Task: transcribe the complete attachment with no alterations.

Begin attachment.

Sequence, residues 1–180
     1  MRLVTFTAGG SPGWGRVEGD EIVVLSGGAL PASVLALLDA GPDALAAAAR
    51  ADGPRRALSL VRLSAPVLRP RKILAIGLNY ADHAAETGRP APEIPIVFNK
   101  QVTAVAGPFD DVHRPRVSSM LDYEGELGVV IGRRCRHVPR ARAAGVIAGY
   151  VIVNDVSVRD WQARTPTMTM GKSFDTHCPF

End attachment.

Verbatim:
Sequence, residues 1–180
     1  MRLVTFTAGG SPGWGRVEGD EIVVLSGGAL PASVLALLDA GPDALAAAAR
    51  ADGPRRALSL VRLSAPVLRP RKILAIGLNY ADHAAETGRP APEIPIVFNK
   101  QVTAVAGPFD DVHRPRVSSM LDYEGELGVV IGRRCRHVPR ARAAGVIAGY
   151  VIVNDVSVRD WQARTPTMTM GKSFDTHCPF